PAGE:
8. 1. Player improvement, specifically the distribution of gained CA, is determined by two things. First, a natural distribution which has been imagined to be some sort of 'development curve' which is hard-coded in the game. Second, the manager defined distribution as defined by the training slider positions. The current understanding is that a higher overall training intensity gives a greater bias towards the manager defined training distribution. That is to say a player's development will match more closely the way you arrange the training sliders. A lower overall training intensity does the opposite and effectively gives more control to FM10 to develop your player. The price to pay for more manager control however is an increased injury risk. 2. No-one knows for sure and I for one would love to see this sorted out. What is known is that the graphs are produced from multiple pieces of data such as training slider positions, player characteristics, club facilities and probably a lot more. It is therefore impossible to ascertain precisely what they are displaying. As a result, I now don't use them at all. I prefer to track my player's progress through careful monitoring of their attribute progression (output) and relate this back to their training schedule (input). That's all that is required in my opinion and I think the graphs in their current state are pointless and misleading, the evidence for which is the much previously lauded Training Line Theory which has since died a death. I would definitely not advise using them as a measure of whether your training schedule is 'working' or not! 3. Perhaps an initial assessment for this is in my response to question 1 although it's difficult to quantify exactly. My personal opinion based on limited observation is that retraining to a new position can have a considerable effect on particular attributes. An example which springs to mind is the difference in physical attributes between AMCs and MCs. My guess is that re-training an AMC to MC would assist the development of his physical attributes over-and-above whatever is assigned in terms of Strength and Aerobic training focus. This will be true of other positionally key attributes and understanding them all will obviously aid your efforts to develop players in your desired manner.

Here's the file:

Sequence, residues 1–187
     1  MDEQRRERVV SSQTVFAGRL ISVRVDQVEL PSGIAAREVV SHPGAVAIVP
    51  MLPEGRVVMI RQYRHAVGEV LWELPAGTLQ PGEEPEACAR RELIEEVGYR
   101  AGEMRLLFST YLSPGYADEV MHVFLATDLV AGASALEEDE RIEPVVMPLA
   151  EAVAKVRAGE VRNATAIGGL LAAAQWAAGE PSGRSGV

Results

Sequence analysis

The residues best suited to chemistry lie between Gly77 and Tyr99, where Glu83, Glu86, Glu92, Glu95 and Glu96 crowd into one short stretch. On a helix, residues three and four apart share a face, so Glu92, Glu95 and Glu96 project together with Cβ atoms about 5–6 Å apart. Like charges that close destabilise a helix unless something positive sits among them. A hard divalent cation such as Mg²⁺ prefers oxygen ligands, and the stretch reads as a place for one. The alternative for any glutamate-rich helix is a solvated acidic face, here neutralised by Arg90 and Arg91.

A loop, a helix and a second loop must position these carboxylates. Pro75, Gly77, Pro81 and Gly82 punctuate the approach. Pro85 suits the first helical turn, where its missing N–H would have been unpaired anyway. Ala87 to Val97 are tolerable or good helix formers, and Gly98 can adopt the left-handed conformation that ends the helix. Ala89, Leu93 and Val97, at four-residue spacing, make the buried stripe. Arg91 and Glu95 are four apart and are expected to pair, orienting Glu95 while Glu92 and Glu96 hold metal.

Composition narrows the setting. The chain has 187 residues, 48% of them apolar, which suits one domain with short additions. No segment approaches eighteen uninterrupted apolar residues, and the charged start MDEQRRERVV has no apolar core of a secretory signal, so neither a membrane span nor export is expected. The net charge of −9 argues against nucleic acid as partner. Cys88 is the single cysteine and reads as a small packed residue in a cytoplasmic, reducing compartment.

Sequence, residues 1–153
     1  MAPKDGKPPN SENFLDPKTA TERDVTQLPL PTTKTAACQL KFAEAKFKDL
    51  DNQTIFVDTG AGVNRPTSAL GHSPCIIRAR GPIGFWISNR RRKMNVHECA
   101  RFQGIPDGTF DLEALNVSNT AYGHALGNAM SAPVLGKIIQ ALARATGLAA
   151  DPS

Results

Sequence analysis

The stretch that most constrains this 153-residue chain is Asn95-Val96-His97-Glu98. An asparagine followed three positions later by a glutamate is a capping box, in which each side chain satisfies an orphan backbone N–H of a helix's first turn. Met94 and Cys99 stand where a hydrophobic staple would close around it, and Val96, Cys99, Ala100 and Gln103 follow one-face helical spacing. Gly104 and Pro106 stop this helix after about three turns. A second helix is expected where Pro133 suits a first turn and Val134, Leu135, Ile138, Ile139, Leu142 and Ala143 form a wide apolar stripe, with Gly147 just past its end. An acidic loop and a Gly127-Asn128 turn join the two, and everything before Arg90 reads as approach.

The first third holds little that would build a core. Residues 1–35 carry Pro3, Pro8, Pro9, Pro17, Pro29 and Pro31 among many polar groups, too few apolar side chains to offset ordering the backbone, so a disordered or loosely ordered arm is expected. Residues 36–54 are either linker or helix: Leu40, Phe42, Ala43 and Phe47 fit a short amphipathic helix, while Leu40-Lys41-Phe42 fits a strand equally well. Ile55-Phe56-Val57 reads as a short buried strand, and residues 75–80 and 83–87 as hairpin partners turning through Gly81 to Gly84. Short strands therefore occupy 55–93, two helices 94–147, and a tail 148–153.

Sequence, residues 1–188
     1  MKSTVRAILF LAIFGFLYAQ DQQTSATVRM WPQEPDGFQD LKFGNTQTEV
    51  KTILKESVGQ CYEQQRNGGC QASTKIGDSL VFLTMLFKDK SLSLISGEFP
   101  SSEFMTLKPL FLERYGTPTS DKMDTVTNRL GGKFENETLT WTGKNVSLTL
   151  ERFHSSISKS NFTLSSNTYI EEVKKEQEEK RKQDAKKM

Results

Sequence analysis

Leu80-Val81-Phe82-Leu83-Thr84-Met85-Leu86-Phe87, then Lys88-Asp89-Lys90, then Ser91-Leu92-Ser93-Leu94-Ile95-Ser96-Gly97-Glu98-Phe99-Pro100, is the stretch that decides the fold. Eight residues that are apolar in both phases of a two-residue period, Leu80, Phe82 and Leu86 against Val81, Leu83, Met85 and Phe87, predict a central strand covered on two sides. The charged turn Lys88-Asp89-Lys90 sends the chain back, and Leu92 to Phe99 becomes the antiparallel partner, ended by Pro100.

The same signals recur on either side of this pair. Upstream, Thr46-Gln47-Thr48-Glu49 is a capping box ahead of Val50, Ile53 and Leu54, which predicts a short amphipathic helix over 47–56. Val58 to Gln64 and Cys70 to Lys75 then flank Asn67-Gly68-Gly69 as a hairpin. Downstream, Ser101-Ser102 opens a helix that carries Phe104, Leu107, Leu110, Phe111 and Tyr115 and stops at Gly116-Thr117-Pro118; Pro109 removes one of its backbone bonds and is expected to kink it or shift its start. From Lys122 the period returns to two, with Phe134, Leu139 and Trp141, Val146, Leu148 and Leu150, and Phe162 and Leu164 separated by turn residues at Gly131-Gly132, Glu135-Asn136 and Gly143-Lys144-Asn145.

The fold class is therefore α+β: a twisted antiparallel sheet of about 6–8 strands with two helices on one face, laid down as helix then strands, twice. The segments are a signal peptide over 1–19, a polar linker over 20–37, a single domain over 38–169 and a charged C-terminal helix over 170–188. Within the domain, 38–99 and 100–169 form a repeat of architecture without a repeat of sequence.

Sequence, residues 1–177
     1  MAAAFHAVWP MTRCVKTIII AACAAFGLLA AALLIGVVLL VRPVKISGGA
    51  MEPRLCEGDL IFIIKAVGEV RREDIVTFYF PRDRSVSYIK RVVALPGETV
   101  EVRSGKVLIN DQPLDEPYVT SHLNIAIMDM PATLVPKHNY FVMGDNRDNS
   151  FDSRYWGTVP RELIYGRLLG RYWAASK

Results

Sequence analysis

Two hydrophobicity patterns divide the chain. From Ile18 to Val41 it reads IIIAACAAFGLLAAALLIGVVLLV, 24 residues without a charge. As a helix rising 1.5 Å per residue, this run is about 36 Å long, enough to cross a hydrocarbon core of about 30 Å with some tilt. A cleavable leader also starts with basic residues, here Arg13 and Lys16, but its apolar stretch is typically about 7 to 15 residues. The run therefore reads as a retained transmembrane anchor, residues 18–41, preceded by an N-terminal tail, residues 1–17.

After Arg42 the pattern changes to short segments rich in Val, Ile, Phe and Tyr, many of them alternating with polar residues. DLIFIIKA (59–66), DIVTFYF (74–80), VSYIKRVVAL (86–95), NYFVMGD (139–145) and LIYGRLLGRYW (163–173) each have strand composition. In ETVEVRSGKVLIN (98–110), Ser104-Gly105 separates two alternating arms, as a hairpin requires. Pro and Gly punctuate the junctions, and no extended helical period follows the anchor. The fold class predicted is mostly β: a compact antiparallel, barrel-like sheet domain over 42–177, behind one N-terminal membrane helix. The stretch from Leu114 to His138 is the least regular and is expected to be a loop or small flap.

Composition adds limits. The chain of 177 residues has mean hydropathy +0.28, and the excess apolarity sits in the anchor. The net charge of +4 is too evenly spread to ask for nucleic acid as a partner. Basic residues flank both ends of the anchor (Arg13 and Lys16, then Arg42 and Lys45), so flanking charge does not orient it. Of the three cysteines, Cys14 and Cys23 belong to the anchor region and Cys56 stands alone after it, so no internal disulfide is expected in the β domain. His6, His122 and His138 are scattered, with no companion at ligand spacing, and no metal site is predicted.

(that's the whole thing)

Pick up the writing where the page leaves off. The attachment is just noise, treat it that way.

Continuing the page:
9. Yes the focus has so far been described using whole numbers for ease of use but also because the testing carried out has been with whole numbers so we can be confident in what they produce. Focus fractions are absolutely possible, but are only sensible so long as they correspond to a whole click in the relevent training category. However, schedules including Focus fractions have not been extensively tested as yet. Feel free to try yourself and share your findings.
  10. Another great write up. Is this not a much easier way of designing schedules and explaining them to others? I promise to post something similar for a few of my developing players once I have got through 6 months of the season and can show some results. Needless to say I follow exactly the same approach as you have described, boosting areas of weakness through added Focus. One further consideration is that you may want to retrain him as MR. I think, but I could be wrong, that PA is distributed differently according to position. For example, MR probably has a higher tendency for Strength category attribute improvements than AMR. It's maybe worth a try if you are not seeing the desired results.
  11. A very nice post indeed This is exactly the sort of detail I like to see. If you get a moment, could you add the details of your coaches.
  12. Here's what is considered for outfield players: STR (3) - Work Rate, Stamina, Strength AER (5) - Acceleration, Agility, Balance, Jumping, Pace GK (0) TAC (5) - Anticipation, Decisions, Off The Ball, Positioning, Teamwork BAL (4) - Dribbling, First Touch, Heading, Technique DEF (3) - Marking, Tackling, Concentration ATT (2) - Passing, Creativity SHO (3) - Finishing, Long Shots, Composure SET (5) - Corners, Crossing, Free Kick Taking, Long Throws, Penalty Taking
  13. The GK baseline is a bit of a grey area but we're not far off each other. Here's what I have accounted for in the Tool however, please feel free to further question these assumptions: STR (3) - Work Rate, Stamina, Strength AER (6) - Acceleration, Agility, Balance, Jumping, Pace, Reflexes GK (7) - Aerial Ability, Handling, Kicking, Throwing, One On Ones, Concentration, Composure TAC (6) - Anticipation, Decisions, Positioning, Command Of Area, Communication, Teamwork BAL (2) - First Touch, Technique DEF (0) ATT (1) - Creativity SHO (0) SET (0) Including Creativity is perhaps a bit controversial but as the ATT Focus for GKs is always zero in SFraser's schedules it never gets included.